Supreme Court Upholds ACA Subsidies

Published: July 1, 2015

Last Thursday, the U.S. Supreme Court ruled 6-3 that the federal subsidies to individuals in states with federally-run health insurance exchanges are allowable. With the threat to many individuals’ health care coverage now in the rearview mirror, hospitals and states can confidently shift focus and invest in improving health care delivery to meet current and future patient and community needs.

The plaintiffs who brought the challenge were seeking to dismantle the economic structure set up by the Affordable Care Act (ACA) by focusing on specific words in the Act which suggested that federal subsidies for individuals would only be available in cases where the state had established the exchange. After passage of the ACA, many states refused to establish exchanges, and citizens in those states purchased their health insurance through the federally-run marketplace. A ruling for the plaintiffs would have jeopardized health coverage for approximately 6 million people in the over 30 states that had not established their own insurance exchanges.

Chief Justice John Roberts, a George W. Bush-appointee, authored the opinion in this second major challenge to the Affordable Care Act to reach the high court.  Writing for the majority, Chief Justice Roberts focused on the Congressional intent that all individuals qualify for a subsidy under the Act, not only those individuals in states with state-run exchanges. Roberts stressed that the court, “must respect the role of the legislature, and take care not to undo what it has done. A fair reading of legislation demands a fair understanding of the legislative plan. Congress passed the Affordable Care Act to improve health insurance markets, not to destroy them. If at all possible, we must interpret the Act in a way that is consistent with the former, and avoids the latter.”

The Future of the Affordable Care Act

Hospital leaders welcomed the stability offered by the decision.  The 6-3 majority in King v. Burwell signals to would-be legal challengers to the ACA that the high court will not be a vehicle for dismantling or picking apart the law.  This 2015 decision follows the Supreme Court’s 5-4 decision in 2012 to uphold the constitutionality of the ACA’s “individual mandate” for individuals to have health insurance.  The King v. Burwell decision confirms that opponents of the ACA seeking repeal or modification should be focusing on the political process at the legislative level, instead of relying on the courts to invalidate the reform structures established by the ACA.  Any big changes to the ACA are now unlikely unless and until there is a Republican presidency, although we may see a third court challenge when the “Cadillac plan tax” on high-cost employer health plans goes into effect in a few years.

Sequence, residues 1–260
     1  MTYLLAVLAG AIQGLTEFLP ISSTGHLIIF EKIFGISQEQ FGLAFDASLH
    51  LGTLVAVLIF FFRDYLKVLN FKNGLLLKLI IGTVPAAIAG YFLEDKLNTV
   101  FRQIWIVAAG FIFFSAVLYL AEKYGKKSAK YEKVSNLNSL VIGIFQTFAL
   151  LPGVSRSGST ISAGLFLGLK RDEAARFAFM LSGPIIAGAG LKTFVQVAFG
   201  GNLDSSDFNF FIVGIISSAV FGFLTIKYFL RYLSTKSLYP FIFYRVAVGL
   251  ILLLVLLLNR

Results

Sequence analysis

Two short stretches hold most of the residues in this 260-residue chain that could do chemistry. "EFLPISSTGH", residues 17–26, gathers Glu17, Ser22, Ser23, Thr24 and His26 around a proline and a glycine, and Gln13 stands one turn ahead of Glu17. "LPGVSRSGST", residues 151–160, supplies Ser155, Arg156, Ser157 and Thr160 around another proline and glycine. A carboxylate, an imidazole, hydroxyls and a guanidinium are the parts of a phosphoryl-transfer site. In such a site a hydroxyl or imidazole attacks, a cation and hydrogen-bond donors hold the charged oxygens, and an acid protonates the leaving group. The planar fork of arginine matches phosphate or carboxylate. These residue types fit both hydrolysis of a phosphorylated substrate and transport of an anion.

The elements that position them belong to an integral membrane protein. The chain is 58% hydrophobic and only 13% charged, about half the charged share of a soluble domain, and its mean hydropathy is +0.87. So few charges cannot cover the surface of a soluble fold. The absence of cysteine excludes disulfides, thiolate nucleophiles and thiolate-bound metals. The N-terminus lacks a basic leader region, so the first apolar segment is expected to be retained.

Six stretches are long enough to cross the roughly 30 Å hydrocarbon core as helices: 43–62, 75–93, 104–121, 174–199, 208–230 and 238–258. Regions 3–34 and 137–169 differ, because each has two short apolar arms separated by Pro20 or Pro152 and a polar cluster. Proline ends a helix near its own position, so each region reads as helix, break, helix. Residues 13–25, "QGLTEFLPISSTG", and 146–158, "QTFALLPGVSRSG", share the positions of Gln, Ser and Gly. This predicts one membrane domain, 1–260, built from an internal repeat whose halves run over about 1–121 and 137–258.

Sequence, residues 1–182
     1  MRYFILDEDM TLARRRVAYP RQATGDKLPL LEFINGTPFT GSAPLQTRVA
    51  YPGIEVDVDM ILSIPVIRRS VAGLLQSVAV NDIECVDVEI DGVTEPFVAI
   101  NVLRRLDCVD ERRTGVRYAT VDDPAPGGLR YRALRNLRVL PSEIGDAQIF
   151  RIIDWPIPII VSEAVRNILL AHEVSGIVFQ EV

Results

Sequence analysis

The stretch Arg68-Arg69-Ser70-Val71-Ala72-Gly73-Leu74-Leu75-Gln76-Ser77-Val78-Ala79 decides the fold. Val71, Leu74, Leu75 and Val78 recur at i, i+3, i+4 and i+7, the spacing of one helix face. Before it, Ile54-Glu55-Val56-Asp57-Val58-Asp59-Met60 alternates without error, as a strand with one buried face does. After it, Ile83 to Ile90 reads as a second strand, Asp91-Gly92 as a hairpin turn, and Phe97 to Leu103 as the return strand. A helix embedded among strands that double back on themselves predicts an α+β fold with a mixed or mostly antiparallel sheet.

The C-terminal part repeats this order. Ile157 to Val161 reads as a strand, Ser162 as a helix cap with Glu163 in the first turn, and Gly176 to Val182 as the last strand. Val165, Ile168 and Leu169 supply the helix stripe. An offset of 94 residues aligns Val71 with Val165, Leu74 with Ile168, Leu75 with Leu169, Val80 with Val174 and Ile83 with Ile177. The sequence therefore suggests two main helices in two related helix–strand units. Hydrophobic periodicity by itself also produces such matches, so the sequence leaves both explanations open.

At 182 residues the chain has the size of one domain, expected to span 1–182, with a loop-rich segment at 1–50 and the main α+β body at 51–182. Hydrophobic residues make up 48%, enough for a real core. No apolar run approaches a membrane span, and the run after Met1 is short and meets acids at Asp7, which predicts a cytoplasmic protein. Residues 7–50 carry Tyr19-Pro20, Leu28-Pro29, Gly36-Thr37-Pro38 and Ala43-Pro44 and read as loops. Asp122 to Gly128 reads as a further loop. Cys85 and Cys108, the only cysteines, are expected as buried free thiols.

What’s Next for the States?

The King v. Burwell decision leaves states with minimal incentive to create their own health insurance exchanges. With this confirmation, states need not establish their own marketplaces in order for their citizens to receive federal subsidies, many states will likely continue to have their residents use the federally-run exchange.  The ruling may even result in states with exchanges choosing to discontinue their exchanges in favor of the federal marketplace. Another option for states that prefer more control over the local market but lack the technical expertise to operate an exchange, is a “federally supported state exchange,” whereby the state performs the marketplace functions, but rents the IT platform from

Some states may also re-examine their decisions on Medicaid expansion. Productive policy discussions amongst state leaders are will be focused on maintaining affordability for consumers and flexibility for the states.  With the stability offered by King v. Burwell insurers and states should be more likely to make needed investments in extending coverage and increasing meaningful access to care for the newly enrolled.

Health Benefits for Same-Sex Couples

In addition to the stability in health insurance coverage provided to individuals in Thursday’s King v. Burwell decision, the Supreme Court’s landmark decision on Friday granting the right to marry to all same-sex couples will also affect the health insurance market. With the legalization of same-sex marriage in every state, employees may add their same-sex spouses to their benefit plans in all 50 states. At the same time, with the obligation to honor same-sex marriages nationwide, large employers may decide to discontinue their domestic partner benefits and require marriage for all employees in order to add partners to benefit plans.

Limitations of the Ruling

While hospital leaders welcomed the stability offered by the decision, its immediate effect may simply be status quo for health care providers. The decision safeguards the existing subsidies to lower income purchasers of health insurance, but the quality of the insurance plans held by many individuals may still be low, with high deductibles. Under the ACA, the responsibility for improving care delivery and cost-effectiveness still rests with health care providers, who will continue to see reimbursement shifts from volume to value. Perioperative nurses and surgical department leaders must continue to find ways to improve surgical outcomes and increase patient satisfaction in order to lead their facilities to success under the reform structures established by the ACA. The American Nurses Association sees a continuing need for nurse-led improvements and nationwide investments in the profession and health care delivery improvements.